When do you think it happened?
When did the world shift into its current state of zombie-like social media addiction?
When did everyone you know start spending their lives on the phone? Liking this and commenting that. Swiping left, right and down to keep getting fed mindless content.
No matter what year this happened… you need to know this:
We (as a society) obsess over social media. We act like it’s the greatest thing ever.
- Business people say that everyone’s got to be on Instagram and Snapchat to make money today.
- Your friends tell you Tinder is the only way to get some love.
- Your brain tells you to pick up the phone and check out the Facebook feed as soon as you wake up.
But in reality, all social media is… is a bunch of addicts trying to get a new like, retweet or follower.
The only thing you get out of social media… is a quick hit of dopamine. It’s ephemeral and the sense of well-being you experience disappears quick.
So you need another hit. You need more likes. More followers.
Instead of living life, building your business and body, you’re on the prowl for yet another high. You wait around for yet another heart notification to come up.
But likes and retweets don’t pay your bills. To pay your bills, you need to make money. And then you need to stop your addiction to social media, and deal with some delayal of gratification.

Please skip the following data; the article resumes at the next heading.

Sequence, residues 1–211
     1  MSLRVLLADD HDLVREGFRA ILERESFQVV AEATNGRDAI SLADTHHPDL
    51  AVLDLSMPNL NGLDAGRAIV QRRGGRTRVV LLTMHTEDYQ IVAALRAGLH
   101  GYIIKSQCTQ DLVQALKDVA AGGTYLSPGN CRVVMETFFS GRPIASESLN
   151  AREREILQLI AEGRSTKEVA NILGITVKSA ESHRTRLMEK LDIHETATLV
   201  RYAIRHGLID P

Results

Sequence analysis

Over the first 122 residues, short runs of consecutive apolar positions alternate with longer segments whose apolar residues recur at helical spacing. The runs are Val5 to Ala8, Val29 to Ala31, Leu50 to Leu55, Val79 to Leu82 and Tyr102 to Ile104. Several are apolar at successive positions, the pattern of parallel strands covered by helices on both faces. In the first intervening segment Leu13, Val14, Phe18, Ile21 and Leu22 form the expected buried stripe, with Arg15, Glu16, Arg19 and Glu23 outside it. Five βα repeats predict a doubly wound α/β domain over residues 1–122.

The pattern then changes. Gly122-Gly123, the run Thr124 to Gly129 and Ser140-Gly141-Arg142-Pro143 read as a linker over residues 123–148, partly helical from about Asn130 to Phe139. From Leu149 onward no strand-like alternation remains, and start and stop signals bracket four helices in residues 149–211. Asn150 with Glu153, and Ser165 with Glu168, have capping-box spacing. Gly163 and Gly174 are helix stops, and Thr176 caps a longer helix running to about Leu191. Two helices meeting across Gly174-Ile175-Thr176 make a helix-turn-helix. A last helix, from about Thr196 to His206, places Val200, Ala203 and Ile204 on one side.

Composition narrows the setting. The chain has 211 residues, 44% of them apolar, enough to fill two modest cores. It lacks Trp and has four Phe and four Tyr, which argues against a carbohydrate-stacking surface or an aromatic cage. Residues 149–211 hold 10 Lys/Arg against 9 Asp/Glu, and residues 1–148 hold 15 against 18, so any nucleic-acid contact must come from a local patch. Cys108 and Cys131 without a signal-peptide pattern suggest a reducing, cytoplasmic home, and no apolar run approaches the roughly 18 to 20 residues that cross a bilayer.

Let’s get rolling:
1. You are the product
There’s a saying that goes:
“If something is free, you are the product.”
And last time I checked, nobody ever had to pay for access to Facebook, Instagram, Twitter, and the likes. (Partly because those who burn their time away on those platforms are broke.)
You use social media for free because Silicon Valley companies sell YOU as their product.
They track every move you make on their platforms. They collect your personal information. Who you know. What you like. What political opinions you hold. What you consume. And in the case of Facebook, even your footsteps all over the web.
Then they sell your personal information to companies all over the world.
A buddy of mine works for an e-commerce agency. They spend a few hundred thousands of dollars every day on Facebook ads. With a few clicks they can reach the exact type of person they want to reach. They can track your activity all over the web for a few dollars and cents.
Do you want to throw your precious life away? Do you want to accomplishing nothing except making rich nerds in Silicon Valley richer?
2. You waste time
Time is the most precious resource in life. It’s the only thing you can never get more of…
And social media is the worst enemy. It steals your time and forces you to spend all day using it.